The Haunting Of Bly Manor review: Mind your manors - SciFiNow

The Haunting Of Bly Manor review: Mind your manors

We review Mike Flanagan’s latest horror series The Haunting Of Bly Manor…

The Haunting Of Bly Manor

Back in 2018, Mike Flanagan upped the horror series ante with Netflix’s The Haunting Of Hill House – an adaptation of Shirley Jackson’s novel of the same name. Now he’s back with a new tale of heartbreak and horror in The Haunting Of Bly Manor, this time, an adaptation of Henry James’ book The Turn Of The Screw.

Following the story of a house full of rich history in a remote English village, Bly is primarily set in the Eighties, when young residents Flora (Amelie Bea Smith) and Miles (Benjamin Evan Ainsworth) are recuperating after unimaginable loss. First their parents die in a tragic accident, leaving them in the care of their uncle Henry (Henry Thomas). Then their house is blighted by tragedy once again when their au pair walks into the house’s lake and drowns after an affair that ends badly.

When the replacement au pair, Dani (Victoria Pedretti), arrives at the house, Bly has a wonderful array of characters working there. This includes well-meaning cook Owen (Rahul Kohli), caring housekeeper Hannah (T’Nia Miller) and plain-speaking gardener Jamie (Amelia Eve). They’re all trying to keep the spirit of the house alive for two kids who have witnessed so much heartbreak. But it’s the faceless (literally) spirits that are the problem here at Bly and any happiness that is found within its walls never lasts long.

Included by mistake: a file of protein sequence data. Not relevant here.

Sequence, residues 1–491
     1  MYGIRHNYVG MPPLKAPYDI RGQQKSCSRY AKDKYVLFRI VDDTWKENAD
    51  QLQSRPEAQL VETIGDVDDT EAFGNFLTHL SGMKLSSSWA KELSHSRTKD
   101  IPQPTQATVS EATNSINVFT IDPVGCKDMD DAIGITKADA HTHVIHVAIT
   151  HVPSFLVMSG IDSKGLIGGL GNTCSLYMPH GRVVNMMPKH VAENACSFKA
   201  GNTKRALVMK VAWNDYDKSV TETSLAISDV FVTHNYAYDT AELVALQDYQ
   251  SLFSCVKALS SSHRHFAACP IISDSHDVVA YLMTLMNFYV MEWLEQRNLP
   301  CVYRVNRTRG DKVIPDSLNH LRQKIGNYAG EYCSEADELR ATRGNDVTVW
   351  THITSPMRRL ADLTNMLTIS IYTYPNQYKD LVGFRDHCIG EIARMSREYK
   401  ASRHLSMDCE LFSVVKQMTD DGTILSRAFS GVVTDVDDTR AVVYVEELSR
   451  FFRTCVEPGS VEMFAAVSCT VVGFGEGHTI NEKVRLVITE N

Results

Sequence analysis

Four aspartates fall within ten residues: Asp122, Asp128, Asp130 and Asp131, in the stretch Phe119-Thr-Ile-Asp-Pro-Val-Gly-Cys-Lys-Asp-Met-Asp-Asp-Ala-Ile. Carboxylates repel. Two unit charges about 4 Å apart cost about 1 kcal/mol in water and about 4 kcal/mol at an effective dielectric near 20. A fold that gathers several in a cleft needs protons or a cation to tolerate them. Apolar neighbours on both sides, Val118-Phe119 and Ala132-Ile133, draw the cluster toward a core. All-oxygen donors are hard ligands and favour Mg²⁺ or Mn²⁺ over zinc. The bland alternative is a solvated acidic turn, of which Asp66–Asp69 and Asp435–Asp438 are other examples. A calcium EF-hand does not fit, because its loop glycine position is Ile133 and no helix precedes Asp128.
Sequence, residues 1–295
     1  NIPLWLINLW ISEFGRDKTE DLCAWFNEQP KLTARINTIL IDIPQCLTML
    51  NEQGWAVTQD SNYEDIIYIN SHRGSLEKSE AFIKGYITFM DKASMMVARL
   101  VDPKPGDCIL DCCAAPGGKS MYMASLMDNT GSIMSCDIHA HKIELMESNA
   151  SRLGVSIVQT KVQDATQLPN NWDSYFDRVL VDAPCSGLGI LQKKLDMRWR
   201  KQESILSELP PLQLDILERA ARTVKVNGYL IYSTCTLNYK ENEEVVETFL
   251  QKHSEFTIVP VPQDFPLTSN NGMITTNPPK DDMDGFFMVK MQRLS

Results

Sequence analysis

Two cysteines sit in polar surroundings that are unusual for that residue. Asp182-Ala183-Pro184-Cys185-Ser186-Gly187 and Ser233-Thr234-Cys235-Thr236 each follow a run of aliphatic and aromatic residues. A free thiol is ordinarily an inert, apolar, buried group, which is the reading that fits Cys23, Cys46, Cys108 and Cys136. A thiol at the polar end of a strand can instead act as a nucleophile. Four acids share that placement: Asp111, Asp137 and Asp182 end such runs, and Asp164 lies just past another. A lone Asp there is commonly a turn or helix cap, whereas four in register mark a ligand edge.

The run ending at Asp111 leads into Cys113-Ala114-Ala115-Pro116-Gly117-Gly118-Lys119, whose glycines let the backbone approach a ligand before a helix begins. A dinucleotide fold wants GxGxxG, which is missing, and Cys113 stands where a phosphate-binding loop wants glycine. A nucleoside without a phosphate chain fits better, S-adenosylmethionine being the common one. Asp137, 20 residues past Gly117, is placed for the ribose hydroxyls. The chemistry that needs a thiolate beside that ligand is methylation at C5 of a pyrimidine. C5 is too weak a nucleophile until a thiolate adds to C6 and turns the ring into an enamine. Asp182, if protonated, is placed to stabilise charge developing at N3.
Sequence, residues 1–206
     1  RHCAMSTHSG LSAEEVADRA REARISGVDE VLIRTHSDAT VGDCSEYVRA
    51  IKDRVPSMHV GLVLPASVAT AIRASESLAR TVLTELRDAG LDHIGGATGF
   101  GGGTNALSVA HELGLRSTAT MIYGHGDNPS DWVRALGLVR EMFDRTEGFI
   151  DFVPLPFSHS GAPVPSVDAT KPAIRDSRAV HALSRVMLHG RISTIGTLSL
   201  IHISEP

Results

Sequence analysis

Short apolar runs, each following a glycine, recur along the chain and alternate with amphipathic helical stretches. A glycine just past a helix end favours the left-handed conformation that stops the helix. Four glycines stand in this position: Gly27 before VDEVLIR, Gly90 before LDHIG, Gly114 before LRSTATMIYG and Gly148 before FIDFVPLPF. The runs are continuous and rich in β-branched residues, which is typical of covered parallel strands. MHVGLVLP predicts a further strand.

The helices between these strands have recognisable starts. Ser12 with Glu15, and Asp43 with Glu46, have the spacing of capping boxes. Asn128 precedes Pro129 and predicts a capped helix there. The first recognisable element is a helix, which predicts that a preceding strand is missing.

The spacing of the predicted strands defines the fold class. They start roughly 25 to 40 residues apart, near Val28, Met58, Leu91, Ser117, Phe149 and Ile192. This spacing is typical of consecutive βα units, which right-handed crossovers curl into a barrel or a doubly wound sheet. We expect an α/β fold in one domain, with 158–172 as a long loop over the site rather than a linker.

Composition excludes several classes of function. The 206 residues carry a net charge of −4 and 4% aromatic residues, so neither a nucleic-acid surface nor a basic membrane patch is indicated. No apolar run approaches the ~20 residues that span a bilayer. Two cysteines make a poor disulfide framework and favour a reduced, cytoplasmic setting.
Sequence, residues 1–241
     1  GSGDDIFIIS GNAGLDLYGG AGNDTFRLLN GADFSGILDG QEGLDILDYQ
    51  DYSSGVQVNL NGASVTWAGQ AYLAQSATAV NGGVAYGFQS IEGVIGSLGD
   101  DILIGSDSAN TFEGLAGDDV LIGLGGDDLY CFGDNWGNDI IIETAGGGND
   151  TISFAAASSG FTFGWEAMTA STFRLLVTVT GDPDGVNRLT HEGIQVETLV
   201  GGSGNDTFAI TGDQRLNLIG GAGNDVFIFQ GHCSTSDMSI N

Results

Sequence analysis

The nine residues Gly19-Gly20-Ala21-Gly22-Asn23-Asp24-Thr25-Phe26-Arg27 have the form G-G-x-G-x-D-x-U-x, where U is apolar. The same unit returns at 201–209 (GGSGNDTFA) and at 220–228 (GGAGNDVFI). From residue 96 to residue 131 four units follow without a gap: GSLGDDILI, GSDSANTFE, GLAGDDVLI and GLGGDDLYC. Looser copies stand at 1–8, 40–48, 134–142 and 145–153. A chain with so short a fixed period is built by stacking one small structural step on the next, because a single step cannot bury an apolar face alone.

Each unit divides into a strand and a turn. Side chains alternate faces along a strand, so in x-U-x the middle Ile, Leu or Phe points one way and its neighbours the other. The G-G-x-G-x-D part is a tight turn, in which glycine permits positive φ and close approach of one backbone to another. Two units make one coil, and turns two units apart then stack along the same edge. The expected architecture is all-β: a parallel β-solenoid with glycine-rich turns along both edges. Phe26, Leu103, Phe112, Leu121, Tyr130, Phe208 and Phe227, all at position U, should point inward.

Though the majority of the actors from The Haunting Of Hill House can be seen here (in different roles), The Haunting Of Bly Manor is different to its sibling series. As we’re told: “It’s not a ghost story, it’s a love story” and this is certainly true for Bly, focussing more on the inhabitants’ relationships than all-out frights. In fact, those looking for similar jump scares to Hill House may be left wanting here.

However, that doesn’t mean Bly isn’t an incredibly sinister series. The disturbing imagery and themes here are more of the kind that slowly creep to the back of your head, refusing to release its vice-like grip even once you’ve switched off the TV. For Bly, it’s these relationships, and the trauma of losing them, that holds most of the terror. From poor Miles and Flo losing their beloved parents, to losing your soul mate and even (as told in a beautiful standalone flashback episode), losing coveted possessions.

Flanagan wastes no time in ensuring you invest your emotions in these characters and relationships before he stamps all over them, crafting a beautifully macabre story that will keep you invested throughout. Indeed, before the end of The Haunting Of Bly Manor, you’ll likely parallel Bly herself, normal – perhaps even beautiful – on the outside but deeply haunted on the inside.

The Haunting Of Bly Manor is out now on Netflix.